Companies around the world are expecting to apply artificial intelligence (AI) within their companies in the next few years but are lagging in discussions of the ethics around it, research from Genesys finds.
More than half of the employers questioned in a multi-country opinion survey say their companies do not currently have a written policy on the ethical use of AI or bots, although 21 per cent expressed a definite concern that their companies could use AI in an unethical manner.
The research findings stem from opinion surveys sponsored by Genesys, a provider of contact centre solutions and omni-channel experiences, into the broad attitudes of 1,103 employers and 4,207 employees regarding the current and future effects of AI on their workplaces. The 5,310 participants were drawn from six countries: the United States, Germany, the United Kingdom, Japan, Australia and New Zealand.
Genesys found that nearly two-thirds (64 per cent) of the employers surveyed expect their companies to be using AI or advanced automation by 2022 to support efficiency in operations, staffing, budgeting or performance, although only 25 per cent are using it now. Yet in spite of the growing trend, 54 per cent of employers questioned say they are not troubled that AI could be used unethically by their companies as a whole or by individual employees (52 per cent). Employees appear more relaxed than their bosses, with only 17 per cent expressing concern about their companies.
A fair number of employers surveyed (28 per cent) are apprehensive their companies could face future liability for an unforeseen use of AI, yet only 23 per cent say there is currently a written corporate policy on the ethical use of AI/bots. Meanwhile an additional 40 per cent of employers without a written AI ethics policy believe their companies should have one, a stance supported by 54 per cent of employees.
Even more interesting is that just over half of employers (52 per cent) believe companies should be required to maintain a minimum percentage of human employees versus AI-powered robots and machinery. Employees are more likely (57 per cent) than employers (52 per cent) to support a requirement by unions or other regulatory bodies.
The Genesys surveys underscore that Millennials (ages 18-38) are the age group most comfortable with technology, yet they also have the strongest opinions that guard rails are needed. Across the countries, the survey questions about AI ethics resonated more with Millennials than with Generation X (ages 39-54) or Baby Boomers (ages 55-73). Whether it’s anxiety over AI, desire for a corporate AI ethics policy, worry about liability related to AI misuse, or willingness to require a human employee-to-AI ratio — it’s the youngest group of employers who consistently voice the most apprehension. For example, 21 per cent of Millennial employers are concerned their companies could use AI unethically, compared to 12 per cent of Gen X and only six per cent of Baby Boomers.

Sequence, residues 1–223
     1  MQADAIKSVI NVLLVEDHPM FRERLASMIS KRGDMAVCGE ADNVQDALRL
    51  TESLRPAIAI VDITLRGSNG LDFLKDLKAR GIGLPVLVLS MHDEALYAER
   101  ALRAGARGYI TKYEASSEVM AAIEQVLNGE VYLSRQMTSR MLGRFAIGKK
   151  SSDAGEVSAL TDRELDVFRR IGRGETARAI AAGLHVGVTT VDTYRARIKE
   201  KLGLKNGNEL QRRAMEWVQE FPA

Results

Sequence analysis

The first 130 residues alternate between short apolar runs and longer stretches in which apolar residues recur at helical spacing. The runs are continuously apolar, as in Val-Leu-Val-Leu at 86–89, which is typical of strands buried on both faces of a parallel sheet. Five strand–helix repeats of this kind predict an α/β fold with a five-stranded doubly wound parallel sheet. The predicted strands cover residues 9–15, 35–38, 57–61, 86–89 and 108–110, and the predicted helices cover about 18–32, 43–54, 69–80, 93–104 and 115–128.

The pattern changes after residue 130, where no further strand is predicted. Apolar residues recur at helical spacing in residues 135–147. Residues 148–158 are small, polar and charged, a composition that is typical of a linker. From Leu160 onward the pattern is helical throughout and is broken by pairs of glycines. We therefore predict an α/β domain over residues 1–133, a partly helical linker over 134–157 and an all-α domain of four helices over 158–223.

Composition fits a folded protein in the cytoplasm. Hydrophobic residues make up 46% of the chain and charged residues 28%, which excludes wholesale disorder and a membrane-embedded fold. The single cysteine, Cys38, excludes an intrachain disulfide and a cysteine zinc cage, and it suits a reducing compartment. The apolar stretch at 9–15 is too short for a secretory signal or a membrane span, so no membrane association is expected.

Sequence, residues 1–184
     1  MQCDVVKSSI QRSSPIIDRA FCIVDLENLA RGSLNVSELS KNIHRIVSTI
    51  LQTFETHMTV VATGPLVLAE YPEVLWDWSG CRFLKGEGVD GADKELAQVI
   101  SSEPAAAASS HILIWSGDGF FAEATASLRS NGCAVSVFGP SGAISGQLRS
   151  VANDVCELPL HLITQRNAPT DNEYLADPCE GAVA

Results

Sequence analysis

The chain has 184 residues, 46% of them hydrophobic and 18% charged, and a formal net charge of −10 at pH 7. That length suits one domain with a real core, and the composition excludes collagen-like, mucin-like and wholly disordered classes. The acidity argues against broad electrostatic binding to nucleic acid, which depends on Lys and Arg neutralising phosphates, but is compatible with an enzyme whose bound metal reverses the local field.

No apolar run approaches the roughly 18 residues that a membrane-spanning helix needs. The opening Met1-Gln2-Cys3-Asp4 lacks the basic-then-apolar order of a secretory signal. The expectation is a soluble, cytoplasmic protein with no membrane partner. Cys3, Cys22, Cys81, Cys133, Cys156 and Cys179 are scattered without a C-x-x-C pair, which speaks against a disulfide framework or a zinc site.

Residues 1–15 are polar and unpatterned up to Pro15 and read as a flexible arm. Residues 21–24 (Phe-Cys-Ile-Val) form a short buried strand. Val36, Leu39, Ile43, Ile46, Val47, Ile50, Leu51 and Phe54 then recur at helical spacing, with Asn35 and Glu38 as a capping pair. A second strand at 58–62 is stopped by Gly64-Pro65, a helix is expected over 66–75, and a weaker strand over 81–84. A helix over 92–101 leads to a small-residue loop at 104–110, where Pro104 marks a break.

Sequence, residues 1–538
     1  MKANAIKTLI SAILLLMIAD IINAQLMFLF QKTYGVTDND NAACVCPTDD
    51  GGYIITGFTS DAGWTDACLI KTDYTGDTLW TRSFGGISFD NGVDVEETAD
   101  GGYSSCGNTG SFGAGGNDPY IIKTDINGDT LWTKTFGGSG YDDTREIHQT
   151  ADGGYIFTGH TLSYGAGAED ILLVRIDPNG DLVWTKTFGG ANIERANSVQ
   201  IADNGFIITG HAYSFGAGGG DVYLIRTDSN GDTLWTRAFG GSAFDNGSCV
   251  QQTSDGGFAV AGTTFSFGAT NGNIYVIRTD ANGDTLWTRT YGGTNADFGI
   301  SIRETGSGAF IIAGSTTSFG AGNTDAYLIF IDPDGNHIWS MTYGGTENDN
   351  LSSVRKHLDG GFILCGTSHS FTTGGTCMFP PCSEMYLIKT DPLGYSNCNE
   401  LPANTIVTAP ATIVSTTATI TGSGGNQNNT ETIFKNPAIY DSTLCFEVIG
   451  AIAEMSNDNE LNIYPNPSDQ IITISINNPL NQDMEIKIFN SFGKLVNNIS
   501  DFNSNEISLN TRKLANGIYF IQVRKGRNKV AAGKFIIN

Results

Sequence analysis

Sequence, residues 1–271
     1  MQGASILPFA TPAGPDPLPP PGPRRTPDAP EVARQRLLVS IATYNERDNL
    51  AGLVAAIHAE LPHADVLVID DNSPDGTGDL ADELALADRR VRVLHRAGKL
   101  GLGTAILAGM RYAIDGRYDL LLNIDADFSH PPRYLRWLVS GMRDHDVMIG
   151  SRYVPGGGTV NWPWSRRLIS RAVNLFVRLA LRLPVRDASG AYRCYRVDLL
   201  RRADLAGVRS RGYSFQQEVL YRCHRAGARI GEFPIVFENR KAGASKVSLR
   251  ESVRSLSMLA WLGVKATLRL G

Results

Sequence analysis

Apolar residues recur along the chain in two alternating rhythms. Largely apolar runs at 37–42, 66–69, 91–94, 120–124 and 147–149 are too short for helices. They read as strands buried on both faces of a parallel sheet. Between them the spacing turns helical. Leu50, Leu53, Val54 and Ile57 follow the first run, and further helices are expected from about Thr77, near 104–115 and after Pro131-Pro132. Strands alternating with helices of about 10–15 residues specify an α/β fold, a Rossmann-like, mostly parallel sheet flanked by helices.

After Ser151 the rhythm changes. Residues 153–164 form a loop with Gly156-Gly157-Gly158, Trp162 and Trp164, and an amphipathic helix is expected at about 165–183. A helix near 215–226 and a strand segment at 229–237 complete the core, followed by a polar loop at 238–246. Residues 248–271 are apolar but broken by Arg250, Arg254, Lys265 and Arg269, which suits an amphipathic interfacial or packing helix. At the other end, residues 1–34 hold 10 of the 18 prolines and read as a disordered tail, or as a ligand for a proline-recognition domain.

On the whole, UK employers and employees trust each other’s ethics – and their companies – when it comes to AI. There is also strong support among both UK employers and employees for the regulation of AI. The research found:
- 59 per cent of UK employees don’t believe AI or bots will take their jobs within the next ten years.
- 64 per cent of employees believe there should be a requirement that companies maintain a minimum percentage of human employees versus AI-powered robots and machinery and 61 per cent of employers agree.
- Only 26 per cent of employers in the UK say their company has a written policy on the ethical use of artificial intelligence (AI)/bots.
- 29 per cent of UK employers are concerned their companies could face future liability related to their use of AI.
- More than half (52 per cent) of employers aren’t afraid that their companies might misuse AI, and 67 per cent of employees agree, although 29 per cent of employers admit they are afraid.
Steve Leeson, VP UK & Ireland, Genesys, commented: “Our research reveals both employers and employees welcome the increasingly important role AI-enabled technologies will play in the workplace and hold a surprisingly consistent view toward the ethical implications of this intelligent technology. We advise companies to develop and document their policies on AI sooner rather than later – making employees a part of the process to quell any apprehension and promote an environment of trust and transparency.”